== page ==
Teresa Khan MacKay is not an ordinary mother.

She's lived and worked as a fashion designer in cities all over the world, from London to Paris to New York. She trained as a Montessori teacher when the idea of raising children consumed her and has taught memory and accelerated learning techniques as a right brain specialist. She's the executive director of Youth Arts in Action, a nonprofit organization to "inspire, educate and sponsor outstanding young artists." And her four children happen to be world-class dancers.

Sons Nicholas MacKay and Julian MacKay are both students at the prestigious Bolshoi Ballet Academy in Moscow Russia. Daughters Nadia Khan, 21, and Maria Sascha Khan, 23, dance in Munich, Germany, with the Bayerisches Staatsballett, or Bavarian State Ballet.

Having her children follow each other into the world of dance is something she actively fought against.

"I avoided that," she said during an interview at the Chronicle this week. "I am the anti-dance mom."

"She said ‘somebody needs to be a lawyer,'" Julian said.

Julian, 14, will graduate in three years. Nicholas, 11, said he was a "guinea pig" for the school, enrolled as its youngest American student at the age of 9. He'll finish in another six years, or simply "a long time," Teresa emphasized.

Teresa lives with her sons in Moscow, making sure they eat and sleep between a hectic six-day-a-week Bolshoi schedule. She follows them to performances, secretly taping in the back of theaters across the city to document their journey.

Her husband, Gregory, remains in Bozeman.

"I'm holding down the fort with the dog and the chickens," he said.

Teresa puts it in perspective, saying that he has traveled for 12 years for work and it's a blessing he gets to live and work in Bozeman now.

The holiday break is time for the family to enjoy time together, for the boys to spend time with their friends back home. But before she can enjoy it, Theresa has a fundraiser for a couple hundred people to pull off, the annual Fairy Tea.

The tea is set for Jan. 7 at 1 p.m. at the Gallatin Gateway Inn.

"I love fairies and beauty and art," she said. "If they're all in one event, I'm happy."

Aside from all the planning and logistics, she spends hours the day of the event designing each table for the afternoon tea with fairy scenes. They range from flowers to underwater themes, complete with living fish.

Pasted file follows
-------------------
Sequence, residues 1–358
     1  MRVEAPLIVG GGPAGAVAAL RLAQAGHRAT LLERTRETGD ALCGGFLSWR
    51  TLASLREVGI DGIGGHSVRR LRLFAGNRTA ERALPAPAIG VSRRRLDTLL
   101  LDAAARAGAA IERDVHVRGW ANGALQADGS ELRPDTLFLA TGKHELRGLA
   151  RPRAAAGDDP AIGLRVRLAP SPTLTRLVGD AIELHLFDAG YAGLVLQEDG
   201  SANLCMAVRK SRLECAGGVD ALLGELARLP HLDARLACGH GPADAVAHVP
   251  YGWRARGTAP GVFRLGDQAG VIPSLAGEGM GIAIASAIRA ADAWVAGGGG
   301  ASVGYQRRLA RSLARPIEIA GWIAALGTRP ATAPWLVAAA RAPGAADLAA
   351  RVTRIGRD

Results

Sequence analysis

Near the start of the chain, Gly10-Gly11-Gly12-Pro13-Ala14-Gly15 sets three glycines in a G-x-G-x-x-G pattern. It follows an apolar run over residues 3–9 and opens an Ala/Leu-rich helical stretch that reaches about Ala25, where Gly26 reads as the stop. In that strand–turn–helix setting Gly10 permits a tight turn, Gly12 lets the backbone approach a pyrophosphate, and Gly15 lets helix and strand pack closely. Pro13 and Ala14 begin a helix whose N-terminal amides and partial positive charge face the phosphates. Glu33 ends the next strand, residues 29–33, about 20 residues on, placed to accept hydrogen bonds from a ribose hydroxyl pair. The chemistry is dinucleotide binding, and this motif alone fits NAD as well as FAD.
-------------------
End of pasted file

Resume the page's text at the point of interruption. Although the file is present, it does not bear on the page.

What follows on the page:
And she does it all for free.

"I'm actually a volunteer," she said.

That way, the money raised then goes to the kids and to putting on the next event.

The kids helped by Youth Arts in Action are not only talented, they have also proven in some manner that they could have a career in their chosen field, Theresa said. The organization does, however, focus on Montana.

Requests come from all over, Teresa said, especially because her sons are at the Bolshoi.

"They have an opportunity to blaze some trails and show the way for others," Gregory said.

The organization is unique in that it gives cash scholarships. Many artistic programs will offer tuition and other scholarships, but not allow for living or travel expenses, or even help with costumes or instruments.

At least one award will be announced at Saturday's tea.

This year's tea is Russian themed, falling on the Russian Christmas Day. It features music, a presentation on Russian character dances by Julian, Russian handicrafts including Matryoshka, or Russian nesting dolls, art prints by Russian artist Nicholas Roerich, other items old world artisans at the famous craft markets of Moscow, and treats including Turkish Delight.

"There are so many really good Russian sweets," said Julian, who lugged a suitcase full of Turkish Delight on the trip back to Bozeman.

Willa Devlin, 9, will pass on her Fairy Queen crown and will play the Snow Maiden, daughter of Russia's traditional Father Frost at the Fairy Tea. It's a rite that epitomizes the mentorship aspect of Youth Arts in Action.

"I think some of the little ones look up to her," mom Aimee Devlin said.

As for Teresa, she has received a commendation from Gov. Brian Schweitzer for her efforts.

"I want to commend and thank you for all your efforts to make opportunities in art available to young Montanans," he wrote. "Your commitment is inspiring."

Though her busy life has its downsides, Teresa remains the biggest supporter for her children to pursue their dreams, even if she would prefer to have them all in one place for a while.

"I'm a mom, Ok?" She said. "I just want everybody together."